Greetings, dear Readers! Today I want to talk about the recently discovered amazing proof of the Pythagorean theorem. Yes, yes, you heard right!
Even in this, it would seem, up and down the plowed field, an uncultivated strip remained. Here’s the thing: it was believed that any proof of the Pythagorean theorem through trigonometric functions somehow boils down to the application of the basic trigonometric identity:
, which in itself is one of the ways to write the theorem. Thus, using this expression, we “will go out on ourselves”, i.e. to prove what we accept as truth at the very beginning.
Fragment from the book with the largest known collection of proofs of the theorem – “The Pythagorean Proposition” Elisha Loomisa Loomisa. Quote: “Looking ahead, the thoughtful reader may wonder: Are there proofs based on trigonometry or analytic geometry? Trigonometric proofs do not exist because: all the fundamental formulas of trigonometry are based on the truth of the Pythagorean theorem; based on this theorem, we say sin^A + cos^A = 1, etc. Trigonometry exists thanks to the Pythagorean theorem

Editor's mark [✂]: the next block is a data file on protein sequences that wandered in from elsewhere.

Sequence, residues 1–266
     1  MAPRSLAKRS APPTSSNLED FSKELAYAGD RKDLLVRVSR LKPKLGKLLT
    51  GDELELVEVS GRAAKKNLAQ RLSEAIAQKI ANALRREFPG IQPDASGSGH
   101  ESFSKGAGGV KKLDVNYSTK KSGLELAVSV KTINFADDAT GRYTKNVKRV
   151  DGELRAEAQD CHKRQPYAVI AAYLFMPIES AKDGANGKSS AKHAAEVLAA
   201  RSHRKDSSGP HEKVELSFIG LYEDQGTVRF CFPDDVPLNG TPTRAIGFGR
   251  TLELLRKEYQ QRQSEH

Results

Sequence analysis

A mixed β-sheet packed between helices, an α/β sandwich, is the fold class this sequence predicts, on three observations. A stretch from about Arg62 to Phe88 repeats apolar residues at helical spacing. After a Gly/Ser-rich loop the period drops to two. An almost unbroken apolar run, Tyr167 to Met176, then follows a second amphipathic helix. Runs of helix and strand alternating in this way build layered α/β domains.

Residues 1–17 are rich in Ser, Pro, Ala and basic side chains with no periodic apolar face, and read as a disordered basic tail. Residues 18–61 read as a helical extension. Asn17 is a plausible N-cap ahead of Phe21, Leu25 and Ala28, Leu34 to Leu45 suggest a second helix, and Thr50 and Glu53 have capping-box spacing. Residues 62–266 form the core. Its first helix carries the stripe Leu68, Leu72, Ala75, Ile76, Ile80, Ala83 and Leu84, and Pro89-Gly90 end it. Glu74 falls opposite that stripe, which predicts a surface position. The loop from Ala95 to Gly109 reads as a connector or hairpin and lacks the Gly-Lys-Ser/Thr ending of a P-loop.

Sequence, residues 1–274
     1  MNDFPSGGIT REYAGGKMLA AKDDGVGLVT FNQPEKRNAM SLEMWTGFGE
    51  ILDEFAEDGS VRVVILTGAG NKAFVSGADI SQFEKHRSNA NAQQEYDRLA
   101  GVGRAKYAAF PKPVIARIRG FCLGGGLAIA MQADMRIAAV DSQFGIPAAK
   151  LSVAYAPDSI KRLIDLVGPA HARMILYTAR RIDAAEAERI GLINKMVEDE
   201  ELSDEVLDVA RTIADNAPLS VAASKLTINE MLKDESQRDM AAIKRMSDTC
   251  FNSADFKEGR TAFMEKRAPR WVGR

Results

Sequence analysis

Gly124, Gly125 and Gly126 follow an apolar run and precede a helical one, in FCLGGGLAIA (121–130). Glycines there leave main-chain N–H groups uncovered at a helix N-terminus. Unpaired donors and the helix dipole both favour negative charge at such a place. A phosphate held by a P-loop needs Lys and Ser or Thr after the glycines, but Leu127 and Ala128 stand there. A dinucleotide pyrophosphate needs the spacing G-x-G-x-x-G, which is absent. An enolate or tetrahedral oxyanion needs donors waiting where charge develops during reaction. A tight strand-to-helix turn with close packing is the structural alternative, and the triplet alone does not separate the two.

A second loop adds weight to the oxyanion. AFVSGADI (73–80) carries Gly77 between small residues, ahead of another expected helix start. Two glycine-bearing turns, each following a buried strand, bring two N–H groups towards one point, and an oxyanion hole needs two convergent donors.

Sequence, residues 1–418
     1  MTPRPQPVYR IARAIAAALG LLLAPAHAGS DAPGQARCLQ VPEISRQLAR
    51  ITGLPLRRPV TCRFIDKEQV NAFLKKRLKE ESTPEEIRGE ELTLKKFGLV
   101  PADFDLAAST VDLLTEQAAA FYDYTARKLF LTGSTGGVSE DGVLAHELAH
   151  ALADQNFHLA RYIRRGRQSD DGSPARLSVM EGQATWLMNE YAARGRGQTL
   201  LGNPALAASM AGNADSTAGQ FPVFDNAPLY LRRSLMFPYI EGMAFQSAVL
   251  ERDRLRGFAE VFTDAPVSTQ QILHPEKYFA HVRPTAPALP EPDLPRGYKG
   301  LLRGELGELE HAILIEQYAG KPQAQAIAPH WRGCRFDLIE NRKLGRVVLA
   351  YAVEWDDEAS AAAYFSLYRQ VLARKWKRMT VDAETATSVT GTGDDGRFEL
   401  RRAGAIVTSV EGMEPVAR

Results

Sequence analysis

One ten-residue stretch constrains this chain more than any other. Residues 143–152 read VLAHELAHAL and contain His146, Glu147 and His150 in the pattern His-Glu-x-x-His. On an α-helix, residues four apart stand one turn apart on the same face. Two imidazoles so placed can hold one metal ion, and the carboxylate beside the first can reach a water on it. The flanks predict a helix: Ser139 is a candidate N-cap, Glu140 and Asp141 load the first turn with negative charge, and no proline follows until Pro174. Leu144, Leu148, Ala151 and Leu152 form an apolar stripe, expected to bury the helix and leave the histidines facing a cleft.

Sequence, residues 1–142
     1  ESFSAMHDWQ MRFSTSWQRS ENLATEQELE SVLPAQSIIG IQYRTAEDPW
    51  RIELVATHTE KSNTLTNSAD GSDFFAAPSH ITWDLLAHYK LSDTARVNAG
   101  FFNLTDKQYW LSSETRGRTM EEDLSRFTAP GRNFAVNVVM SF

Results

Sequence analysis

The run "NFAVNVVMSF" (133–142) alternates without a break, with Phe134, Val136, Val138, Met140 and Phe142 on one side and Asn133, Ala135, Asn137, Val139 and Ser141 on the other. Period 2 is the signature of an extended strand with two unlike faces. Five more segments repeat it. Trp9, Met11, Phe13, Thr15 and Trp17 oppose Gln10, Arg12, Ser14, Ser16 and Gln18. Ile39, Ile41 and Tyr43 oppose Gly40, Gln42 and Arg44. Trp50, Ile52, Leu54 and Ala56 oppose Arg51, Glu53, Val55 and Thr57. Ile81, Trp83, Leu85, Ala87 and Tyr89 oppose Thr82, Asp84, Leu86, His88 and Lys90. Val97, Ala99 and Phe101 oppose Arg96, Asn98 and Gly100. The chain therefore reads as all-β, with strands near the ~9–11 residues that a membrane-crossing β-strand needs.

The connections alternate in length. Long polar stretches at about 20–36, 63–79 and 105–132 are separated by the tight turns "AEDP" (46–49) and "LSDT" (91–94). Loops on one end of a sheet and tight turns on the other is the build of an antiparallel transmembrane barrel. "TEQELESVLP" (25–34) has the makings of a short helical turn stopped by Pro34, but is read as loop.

However recently a proof of the Pythagorean theorem was found, based on another fundamental statement – the sine theorem for a triangle. So, consider an isosceles triangle (it is in it that the bisector is the height, and this is important to us):
Let’s write the sine theorem for this triangle:
Now we need some geometric constructions and a written ratio of the sides of similar rectangles:
Now we continue to apply similarity properties for each subsequent right triangles:
That is, for each pair:
Write down the similarity relation
We express the common leg through the sine of the angle
Substitute and get the new segment length
As you can see, it turns out something wonderful. There are two geometric progressions on the face:
And now let’s carefully see that the two sides we found are the hypotenuse and the leg of a right-angled triangle with an angle of 2 * alpha:
In the end, we returned to the formula we derived from the very beginning and “discovered” the Pythagorean theorem!
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